Another downside is that friends, family and customers suddenly become retail experts. You start to dread the phrases that start "You really should..." or "Have you thought about..." which will always preface an idea that you've had 1,000 times, but rejected due to constraints of time or money. "You really should have more first editions." "You really should do more for toddlers." "Have you thought about opening earlier in the day to get the coffee trade?" "You really need to do more local PR." "Have you thought about selling more products online?"

The best advice has come from genuine retail experts: my friends Pete and Nigel from Rough Trade. I worked there behind the counter for a year in 1990, and had a wonderful time. Since then they have opened an enormous and very successful Rough Trade shop in London's Brick Lane, and an outlet in Paris, with more planned elsewhere. They are my independent-retail heroes, and they have encouraged us by telling us to stick to our original plan and also to realise that you learn as you go.

And the granddaddy of them all, the retail king that is Selfridges, has invited us to set up a stall and run a series of talks there early this year. That feels like a vindication. So onward we go, together in retail dreams!

Tom Hodgkinson is editor of 'The Idler'

React Now

Latest stories from i100
Have you tried new the Independent Digital Edition apps?
iJobs Job Widget
iJobs General

Guru Careers: Software Developer / C# Developer

£40-50K: Guru Careers: We are seeking an experienced Software / C# Developer w...

Guru Careers: Software Developer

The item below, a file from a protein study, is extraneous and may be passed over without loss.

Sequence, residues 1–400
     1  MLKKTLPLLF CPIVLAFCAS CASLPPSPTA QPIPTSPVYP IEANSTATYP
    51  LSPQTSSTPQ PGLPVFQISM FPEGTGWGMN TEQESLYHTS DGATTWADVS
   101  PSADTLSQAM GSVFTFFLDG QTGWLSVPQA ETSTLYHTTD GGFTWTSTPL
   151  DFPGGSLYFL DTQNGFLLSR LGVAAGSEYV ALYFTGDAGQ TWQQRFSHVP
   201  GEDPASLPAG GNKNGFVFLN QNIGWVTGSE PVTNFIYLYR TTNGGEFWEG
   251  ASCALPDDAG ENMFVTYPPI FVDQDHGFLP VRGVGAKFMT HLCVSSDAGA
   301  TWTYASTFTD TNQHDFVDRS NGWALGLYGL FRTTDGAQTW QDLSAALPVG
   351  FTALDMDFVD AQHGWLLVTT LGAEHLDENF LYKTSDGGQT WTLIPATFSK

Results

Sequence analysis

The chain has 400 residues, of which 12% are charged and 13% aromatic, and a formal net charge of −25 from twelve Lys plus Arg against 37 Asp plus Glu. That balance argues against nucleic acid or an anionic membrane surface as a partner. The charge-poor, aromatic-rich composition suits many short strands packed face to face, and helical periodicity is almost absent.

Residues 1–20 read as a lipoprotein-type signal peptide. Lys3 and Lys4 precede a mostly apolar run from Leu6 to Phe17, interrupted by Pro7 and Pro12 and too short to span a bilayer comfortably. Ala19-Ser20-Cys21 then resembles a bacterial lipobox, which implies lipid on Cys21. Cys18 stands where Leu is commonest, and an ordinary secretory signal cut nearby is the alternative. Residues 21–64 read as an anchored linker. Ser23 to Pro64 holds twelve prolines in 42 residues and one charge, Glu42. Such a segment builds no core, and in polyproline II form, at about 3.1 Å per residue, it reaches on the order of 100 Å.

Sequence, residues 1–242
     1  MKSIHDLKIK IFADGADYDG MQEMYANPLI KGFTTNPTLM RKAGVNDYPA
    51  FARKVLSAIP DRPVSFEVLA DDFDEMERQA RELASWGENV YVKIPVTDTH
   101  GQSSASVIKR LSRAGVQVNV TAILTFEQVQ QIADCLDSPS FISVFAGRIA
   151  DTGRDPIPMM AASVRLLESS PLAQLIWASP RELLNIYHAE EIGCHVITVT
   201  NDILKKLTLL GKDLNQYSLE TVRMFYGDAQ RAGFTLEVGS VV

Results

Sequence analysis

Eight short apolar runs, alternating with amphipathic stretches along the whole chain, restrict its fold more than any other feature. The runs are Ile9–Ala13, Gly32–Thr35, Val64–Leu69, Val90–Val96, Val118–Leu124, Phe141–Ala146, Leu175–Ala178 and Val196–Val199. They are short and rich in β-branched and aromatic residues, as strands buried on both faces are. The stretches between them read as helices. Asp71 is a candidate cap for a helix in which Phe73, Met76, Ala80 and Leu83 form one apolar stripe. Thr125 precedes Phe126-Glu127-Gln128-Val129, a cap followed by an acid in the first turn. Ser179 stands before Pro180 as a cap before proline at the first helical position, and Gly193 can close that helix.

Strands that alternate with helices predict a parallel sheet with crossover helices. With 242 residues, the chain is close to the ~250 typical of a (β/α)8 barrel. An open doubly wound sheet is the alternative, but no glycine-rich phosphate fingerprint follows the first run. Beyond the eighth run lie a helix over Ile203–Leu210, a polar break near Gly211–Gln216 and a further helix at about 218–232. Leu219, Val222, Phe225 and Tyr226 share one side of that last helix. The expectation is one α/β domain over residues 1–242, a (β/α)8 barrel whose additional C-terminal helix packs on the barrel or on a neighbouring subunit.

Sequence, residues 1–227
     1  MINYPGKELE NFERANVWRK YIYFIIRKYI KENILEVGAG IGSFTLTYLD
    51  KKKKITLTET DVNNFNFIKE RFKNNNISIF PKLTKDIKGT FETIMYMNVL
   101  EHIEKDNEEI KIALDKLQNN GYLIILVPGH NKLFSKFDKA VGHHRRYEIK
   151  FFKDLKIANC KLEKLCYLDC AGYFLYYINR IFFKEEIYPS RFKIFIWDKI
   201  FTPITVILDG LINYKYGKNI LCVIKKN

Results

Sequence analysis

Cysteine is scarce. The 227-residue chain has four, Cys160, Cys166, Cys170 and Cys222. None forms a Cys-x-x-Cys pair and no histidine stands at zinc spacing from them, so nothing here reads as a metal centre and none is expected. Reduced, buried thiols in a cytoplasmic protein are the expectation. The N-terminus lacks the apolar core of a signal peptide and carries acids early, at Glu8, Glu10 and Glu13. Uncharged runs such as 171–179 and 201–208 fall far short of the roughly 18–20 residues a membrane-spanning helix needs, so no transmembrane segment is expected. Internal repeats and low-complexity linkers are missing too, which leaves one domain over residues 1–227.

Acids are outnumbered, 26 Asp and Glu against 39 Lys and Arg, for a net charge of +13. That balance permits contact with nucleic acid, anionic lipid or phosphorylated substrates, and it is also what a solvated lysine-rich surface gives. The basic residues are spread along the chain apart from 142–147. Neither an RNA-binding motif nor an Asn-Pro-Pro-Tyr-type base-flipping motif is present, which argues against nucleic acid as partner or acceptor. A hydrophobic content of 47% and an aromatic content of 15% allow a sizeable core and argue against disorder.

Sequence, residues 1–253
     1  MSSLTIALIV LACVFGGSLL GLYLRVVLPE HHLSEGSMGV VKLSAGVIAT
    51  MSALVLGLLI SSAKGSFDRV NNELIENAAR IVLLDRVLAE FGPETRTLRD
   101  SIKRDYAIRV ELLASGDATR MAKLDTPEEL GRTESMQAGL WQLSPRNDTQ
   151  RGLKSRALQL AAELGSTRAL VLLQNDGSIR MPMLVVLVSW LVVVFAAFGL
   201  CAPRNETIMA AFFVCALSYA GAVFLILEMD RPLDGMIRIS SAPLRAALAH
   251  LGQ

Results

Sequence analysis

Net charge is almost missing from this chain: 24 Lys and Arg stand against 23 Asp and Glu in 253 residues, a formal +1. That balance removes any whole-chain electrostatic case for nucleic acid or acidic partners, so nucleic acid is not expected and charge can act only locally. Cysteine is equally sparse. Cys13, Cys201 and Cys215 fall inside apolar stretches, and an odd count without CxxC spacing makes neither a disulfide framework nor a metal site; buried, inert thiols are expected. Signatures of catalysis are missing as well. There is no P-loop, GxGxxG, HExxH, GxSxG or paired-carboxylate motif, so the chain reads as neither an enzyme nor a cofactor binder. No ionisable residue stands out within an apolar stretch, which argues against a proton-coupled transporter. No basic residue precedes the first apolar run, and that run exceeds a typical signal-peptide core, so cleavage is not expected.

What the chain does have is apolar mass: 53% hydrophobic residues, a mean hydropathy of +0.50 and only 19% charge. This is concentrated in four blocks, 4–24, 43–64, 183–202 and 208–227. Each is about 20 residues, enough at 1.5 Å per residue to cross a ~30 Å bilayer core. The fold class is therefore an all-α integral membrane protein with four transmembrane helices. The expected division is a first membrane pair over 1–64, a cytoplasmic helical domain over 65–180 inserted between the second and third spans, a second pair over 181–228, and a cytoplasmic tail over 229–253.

£35 - 40k + Benefits: Guru Careers: We are seeking a Software Developer (JavaS...

SThree: Trainee Recruitment Consultant / Resourcer

£18000 - £23000 per annum + Commission: SThree: As a Trainee Recruitment Consu...

Ashdown Group: UI Developer - (UI, HTML, CSS, JavaScript, AngularJS)

£25000 - £40000 per annum: Ashdown Group: UI Developer - (UI, JavaScript, HTML...

Day In a Page

Read Next
The Public Accounts Committee found widespread concern among civil servants that they would be victimised if they spoke out about wrongdoing  

Nikileaks explained: The sad thing about the Nicola Sturgeon saga is that it makes leaks less likely

Jane Merrick
New SNP MP Mhairi Black distinguished herself in Westminster straight away when she made herself a chip butty in the canteen  

The SNP adventure arrives in Westminister - but how long before these new MPs go native?

Katy Guest
Sun, sex and an anthropological study: One British academic's summer of hell in Magaluf

Sun, sex and an anthropological study

One academic’s summer of hell in Magaluf
From Shakespeare to Rising Damp... to Vicious

Frances de la Tour's 50-year triumph

'Rising Damp' brought De la Tour such recognition that she could be forgiven if she'd never been able to move on. But at 70, she continues to flourish - and to beguile
'That Whitsun, I was late getting away...'

Ian McMillan on the Whitsun Weddings